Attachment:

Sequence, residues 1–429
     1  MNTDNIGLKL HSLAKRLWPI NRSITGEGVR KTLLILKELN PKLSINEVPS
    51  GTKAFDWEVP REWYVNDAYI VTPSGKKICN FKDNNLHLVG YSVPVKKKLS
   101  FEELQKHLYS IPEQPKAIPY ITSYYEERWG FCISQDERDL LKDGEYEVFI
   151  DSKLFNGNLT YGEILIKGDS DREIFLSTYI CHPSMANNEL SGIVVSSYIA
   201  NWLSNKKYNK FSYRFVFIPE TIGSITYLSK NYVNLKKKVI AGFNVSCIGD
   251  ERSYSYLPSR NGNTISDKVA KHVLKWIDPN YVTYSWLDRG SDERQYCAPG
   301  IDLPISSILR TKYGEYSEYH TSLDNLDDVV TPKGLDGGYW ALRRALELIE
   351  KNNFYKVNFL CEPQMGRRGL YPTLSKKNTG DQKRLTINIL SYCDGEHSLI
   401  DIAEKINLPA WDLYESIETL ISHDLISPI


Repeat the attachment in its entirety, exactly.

Sequence, residues 1–429
     1  MNTDNIGLKL HSLAKRLWPI NRSITGEGVR KTLLILKELN PKLSINEVPS
    51  GTKAFDWEVP REWYVNDAYI VTPSGKKICN FKDNNLHLVG YSVPVKKKLS
   101  FEELQKHLYS IPEQPKAIPY ITSYYEERWG FCISQDERDL LKDGEYEVFI
   151  DSKLFNGNLT YGEILIKGDS DREIFLSTYI CHPSMANNEL SGIVVSSYIA
   201  NWLSNKKYNK FSYRFVFIPE TIGSITYLSK NYVNLKKKVI AGFNVSCIGD
   251  ERSYSYLPSR NGNTISDKVA KHVLKWIDPN YVTYSWLDRG SDERQYCAPG
   301  IDLPISSILR TKYGEYSEYH TSLDNLDDVV TPKGLDGGYW ALRRALELIE
   351  KNNFYKVNFL CEPQMGRRGL YPTLSKKNTG DQKRLTINIL SYCDGEHSLI
   401  DIAEKINLPA WDLYESIETL ISHDLISPI